Horror fiction is rooted in hysteria: the narrator’s and the reader’s. That’s why it lends itself so fluidly to the graphic novel. From one “kapow” moment to the next, it never gives the reader a moment to relax. And this is what Gareth Hinds’ new graphic novel, Poe: Stories and Poems, does so successfully. The pictures wed the text, which has been adapted to graphic novel format. That Hinds pulls this off with the work of a master literary stylist like Edgar Allan Poe is an accomplishment. Meanwhile, the plot moves from one sensational frisson to the next, resembling a series of mountain peaks with very few valleys—in fact, more like a sort of mountain range. 

The book opens with an adaptation of a slightly lesser known story, “The Masque of the Red Death,” which gains its unique horror from how this plague kills—its victims bleeding to death from their pores, especially in the face. The very first panel shows a blood-drenched corpse, which kickstarts the plot: To escape this horrible, gory death, Prince Prospero leads a thousand courtiers to a remote, secluded abbey. They lock themselves inside, and the fun begins, culminating in a masked ball, at which the mysterious, minatory, and terrifying Red Death himself makes an appearance, killing the prince and everyone else.

For Poe fans, “The Masque of the Red Death” is special, not marked by the same pitch of insanity in, say, “The Tell-Tale Heart” or the kind of cruelty in “The Cask of Amontillado” or “The Pit and the Pendulum.” Though gruesome, it is less emotionally gripping, which is actually a point in its favor. Because this story can be read at leisure—less of a page-turner than others—the illustrator could conceivably narrate more freely. But interestingly, Hinds chooses to speed up the pictures, to restore the more typical Poe pace, to counter the relative slowness of “The Masque of the Red Death” and match its rhythm to that of Poe’s other stories. Before you know it, you’ve reached the illustrated portrait of the Red Death himself, the tale’s climax and turning point. Yet it doesn’t seem too soon. It works. Hinds has combined the text and visuals to give the story a new and engagingly different rhythm.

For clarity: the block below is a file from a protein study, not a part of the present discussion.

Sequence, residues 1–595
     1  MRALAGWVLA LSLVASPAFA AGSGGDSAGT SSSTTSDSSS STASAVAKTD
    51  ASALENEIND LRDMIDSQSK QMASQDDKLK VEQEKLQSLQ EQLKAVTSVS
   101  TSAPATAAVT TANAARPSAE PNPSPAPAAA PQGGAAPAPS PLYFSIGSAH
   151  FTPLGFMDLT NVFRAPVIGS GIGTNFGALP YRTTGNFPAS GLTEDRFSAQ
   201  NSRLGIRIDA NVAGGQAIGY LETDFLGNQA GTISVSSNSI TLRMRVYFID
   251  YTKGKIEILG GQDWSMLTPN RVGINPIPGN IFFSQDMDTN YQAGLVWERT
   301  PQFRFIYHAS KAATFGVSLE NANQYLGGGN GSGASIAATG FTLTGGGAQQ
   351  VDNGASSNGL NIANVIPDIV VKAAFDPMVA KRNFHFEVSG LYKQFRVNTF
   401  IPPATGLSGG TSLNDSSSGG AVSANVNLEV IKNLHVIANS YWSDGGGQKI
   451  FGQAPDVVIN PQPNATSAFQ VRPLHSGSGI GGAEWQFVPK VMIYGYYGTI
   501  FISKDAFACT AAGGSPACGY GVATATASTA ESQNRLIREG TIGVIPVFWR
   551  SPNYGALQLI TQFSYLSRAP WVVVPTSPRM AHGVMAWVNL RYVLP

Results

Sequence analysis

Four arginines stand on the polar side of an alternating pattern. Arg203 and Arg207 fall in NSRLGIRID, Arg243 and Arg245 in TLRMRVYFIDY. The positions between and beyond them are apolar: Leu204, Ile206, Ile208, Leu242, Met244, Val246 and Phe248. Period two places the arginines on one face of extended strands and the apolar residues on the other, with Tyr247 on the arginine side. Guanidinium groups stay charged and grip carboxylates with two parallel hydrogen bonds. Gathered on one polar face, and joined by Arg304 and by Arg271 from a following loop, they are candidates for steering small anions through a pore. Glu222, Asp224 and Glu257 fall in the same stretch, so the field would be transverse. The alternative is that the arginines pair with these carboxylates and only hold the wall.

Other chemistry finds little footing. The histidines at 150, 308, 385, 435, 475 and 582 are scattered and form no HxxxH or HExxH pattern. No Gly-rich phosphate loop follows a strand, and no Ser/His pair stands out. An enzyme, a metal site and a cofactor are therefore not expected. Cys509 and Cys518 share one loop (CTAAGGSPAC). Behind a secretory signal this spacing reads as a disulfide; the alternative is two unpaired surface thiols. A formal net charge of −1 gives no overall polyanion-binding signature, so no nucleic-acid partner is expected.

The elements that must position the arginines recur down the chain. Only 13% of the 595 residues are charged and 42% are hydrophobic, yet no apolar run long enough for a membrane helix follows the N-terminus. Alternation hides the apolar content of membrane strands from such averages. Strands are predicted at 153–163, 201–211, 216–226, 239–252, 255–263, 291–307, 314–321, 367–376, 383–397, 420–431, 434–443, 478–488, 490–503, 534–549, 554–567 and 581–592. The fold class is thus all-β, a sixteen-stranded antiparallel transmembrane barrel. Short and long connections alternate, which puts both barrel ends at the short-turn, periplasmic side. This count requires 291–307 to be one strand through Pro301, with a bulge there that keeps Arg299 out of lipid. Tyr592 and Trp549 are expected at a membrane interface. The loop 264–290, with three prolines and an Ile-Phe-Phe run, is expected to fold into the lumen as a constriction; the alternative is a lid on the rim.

Hinds’ illustrations parallel Poe’s tempo in his rendering of  “The Tell-Tale Heart.” As the tension builds in this murder drama, the images become increasingly frenzied, until they are finally resolved with the last serene drawing of the narrator in an insane asylum cell. This is Hinds’ own ending but a logical interpretation of Poe’s work. Quite discreetly, it is only presented visually. Until the end, the colors are garishly orange and yellow, befitting the narrator’s mad confession. But the last two pictures subdue the mood. They are brown and gray—muted colors that match the reality of a lunatic in a madhouse.

Other works Hinds illustrates here are “The Cask of Amontillado,” “Annabel Lee,” “The Pit and the Pendulum,” “The Bells,” and “The Raven.” The volume concludes with a somber sketch of Edgar Allan Poe’s Baltimore headstone and a raven perched on top. This last picture, understated and fitting, connects the stories of a writer who had a short and difficult life. But happily and crucially, the image does not invite us to psychologize about Poe, something there has been far too much of in the 167 years since his death. Instead, it identifies him as the supreme artist he was—as a sovereign writer who knew how to control his audience’s reactions to his tales of blood and horror., not as a man whose personal problems compelled him to depict madness, murder, and death.

Poe: Stories and Poems is available now from Candlewick Press. 120 pages. $14.69.